I saw a great quote a few days ago that may bring this struggle into new focus:

Action is the mother of motivation.

This applies to business development in two ways: 

  1. If you aren’t feeling motivated, take some action. It’s often challenging to start something new, but once you’re in process, it may be easier to continue. If you want to write an article, for example, try outlining it first—both as a way to organize your thoughts and as a way to get started with something easier than actually writing. Once the outline is done, you may feel more willing to start writing, and you’ll certainly find it easier to do because you already know where you’re headed with your text.
  2. As you see positive results, you are likely to find yourself more motivated to continue. If you have lunch with a contact and it leads to something good (an introduction to someone you’ve been wanting to meet or a referral, for instance), you’re more likely to set up lunch with another contact. This is where momentum comes into play, too: consistent action tends to beget more action.

So, the bottom line: if you’re feeling unmotivated, do something. Take even a small step. You’ll likely find that your action will increase your motivation, which will lead to more action.

Make ’em look good!

If there’s one single activity that should be at the center of your business development focus, it’s building relationships. How? Through personal meetings, telephone calls, emails, social media contacts, sending useful articles, sharing new resources, and more. There’s no single right way to establish, build, or maintain relationships, and the best growth strategies (which feel a lot like organic relationship growth) include multiple approaches.


There is a right way to think about developing relationships: look for opportunities to help your contact. That can mean anything from providing information and resources to help with her or her career, giving a lead on a new restaurant, making an introduction to someone useful, or offering a plum speaking or committee position.

You might also look for opportunities to offer help that makes your contact look good to people who matter. For clients, can you provide a report that your client contact can use to look good while presenting to the Board of Directors? Can you identify a new trend that your contact can exploit or share with others? Can you offer support to help your contact settle into a new position?

Especially as it concerns clients, Vidal Sassoon said it best: “If you don’t look good, we don’t look good.” Flip that around to the positive, and let it guide your relationship-building: when we help you look good, we look good to you.

Don’t be a stranger

Last fall, I hired Summit Pools to close my pool for the season. My contact Pete (I didn’t know it at the time, but he’s also the owner) was terrific: he set the appointment, let me know exactly what to expect, told me what the cost would be and what could change that cost, and explained the benefit of the service. He called me the day before our appointment to confirm the time, and he showed up right on time—after sending a text to let me know he was on the way. It was a great experience, and I just plain liked Pete.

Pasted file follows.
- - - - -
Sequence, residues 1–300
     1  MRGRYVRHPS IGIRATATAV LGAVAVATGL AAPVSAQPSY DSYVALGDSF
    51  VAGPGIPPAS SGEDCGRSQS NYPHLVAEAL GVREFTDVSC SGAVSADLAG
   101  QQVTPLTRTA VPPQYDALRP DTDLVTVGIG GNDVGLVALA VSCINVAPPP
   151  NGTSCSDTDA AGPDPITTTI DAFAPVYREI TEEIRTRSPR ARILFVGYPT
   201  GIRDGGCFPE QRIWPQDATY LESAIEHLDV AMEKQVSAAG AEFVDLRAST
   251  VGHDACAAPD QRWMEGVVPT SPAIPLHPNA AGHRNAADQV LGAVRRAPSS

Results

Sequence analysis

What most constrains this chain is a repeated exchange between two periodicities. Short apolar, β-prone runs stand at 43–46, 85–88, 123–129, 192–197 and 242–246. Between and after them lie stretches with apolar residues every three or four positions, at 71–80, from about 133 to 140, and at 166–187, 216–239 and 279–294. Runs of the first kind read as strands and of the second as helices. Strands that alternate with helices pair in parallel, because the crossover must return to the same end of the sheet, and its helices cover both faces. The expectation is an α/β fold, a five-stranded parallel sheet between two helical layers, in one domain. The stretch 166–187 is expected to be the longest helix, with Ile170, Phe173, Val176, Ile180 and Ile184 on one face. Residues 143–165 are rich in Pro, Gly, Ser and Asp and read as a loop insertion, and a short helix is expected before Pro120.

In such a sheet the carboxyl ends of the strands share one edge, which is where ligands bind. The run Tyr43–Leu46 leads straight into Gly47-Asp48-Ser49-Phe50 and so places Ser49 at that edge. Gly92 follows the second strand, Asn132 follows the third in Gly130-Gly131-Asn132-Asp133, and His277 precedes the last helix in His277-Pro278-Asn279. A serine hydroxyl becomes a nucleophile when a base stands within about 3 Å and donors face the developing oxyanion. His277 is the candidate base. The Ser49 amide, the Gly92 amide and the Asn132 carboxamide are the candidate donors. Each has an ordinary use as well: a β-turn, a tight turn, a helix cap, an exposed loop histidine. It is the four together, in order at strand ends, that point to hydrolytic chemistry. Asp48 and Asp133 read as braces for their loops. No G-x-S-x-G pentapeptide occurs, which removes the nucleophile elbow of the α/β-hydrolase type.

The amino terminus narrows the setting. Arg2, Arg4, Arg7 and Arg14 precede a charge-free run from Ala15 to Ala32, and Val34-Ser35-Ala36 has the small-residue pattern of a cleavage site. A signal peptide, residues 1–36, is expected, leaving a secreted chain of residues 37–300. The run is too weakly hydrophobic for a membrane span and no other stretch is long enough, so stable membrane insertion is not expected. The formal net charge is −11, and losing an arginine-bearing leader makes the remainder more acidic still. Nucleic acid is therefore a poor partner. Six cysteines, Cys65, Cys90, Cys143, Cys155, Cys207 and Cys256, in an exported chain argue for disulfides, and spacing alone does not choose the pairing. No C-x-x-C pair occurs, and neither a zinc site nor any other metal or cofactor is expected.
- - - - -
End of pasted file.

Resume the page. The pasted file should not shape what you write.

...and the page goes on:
Fast forward to March, when I was eager to make arrangements to get the pool open. I couldn’t remember the name of the company I’d liked so much in the fall, and I hadn’t put it in my Home Maintenance Evernote file. I went through emails and my calendar without success. Because I remembered something about a P, I looked at companies with names like Pinnacle, Premier, Popular, and the like, and I hired one of those companies since I couldn’t find the original.

And the service was ok. No reminder call, but a quick response when I called to confirm. The work wasn’t done perfectly, but it was adequate. I didn’t think much of it and probably would have continued with the new company, except that I had a few issues with the pool and wasn’t getting the kind of response I wanted. I eventually went through my checkbook register to find Summit again, and I got the same fast, capable, friendly service. This time, I put Summit (and Pete) in my phone and in my Evernote database.

Do I hear a great big SO WHAT?

What does this have to do with law?

If you do large, complex matters, chances are reasonably good that your clients know exactly who you are and how to find you if they want to hire you again or send a potential client your way. However,  if your matters tend to be of relatively short duration, with limited direct contact, or somewhat routine, you could be missing out on repeat business and referrals if you don’t proactively stay in touch. Even if you’re confident that your clients will know how to find you to rehire you or refer work to you, staying in touch will keep you top-of-mind and continue the relationship so they’ll think of you first.

Consider these steps:

  1. Send reminders if the work you do should be reviewed and updated periodically (estate work and some contracts, for example). An email or postcard will suffice. Schedule these reminders as soon as you complete the matter.
  2. Send follow-up resources. Perhaps there’s a logical next step for your client. Establishing a new company could lead to later needs like contract review, intellectual property protection, or a buy/sale agreement, among many others. Provide appropriate resources at an appropriate interval. This too should be scheduled as soon as you complete your work for the client.
  3. Keep in touch. Sometimes you don’t need a specific reason for a contact. Depending on the representation and your relationship, it may be quite appropriate to send an email or call to touch base. You might inquire how things have been going since the matter ended. But here’s the key point: you must be genuinely interested, not just trolling for new work. Where appropriate, an electronic or hardcopy newsletter offers an opportunity to stay in touch without taking the time to make every contact individually.

Here’s the bottom line: don’t put the onus of finding you or updating the work you’ve done solely on your client. Friendly and useful ongoing contact is a benefit for your client and potentially a path to new work for you.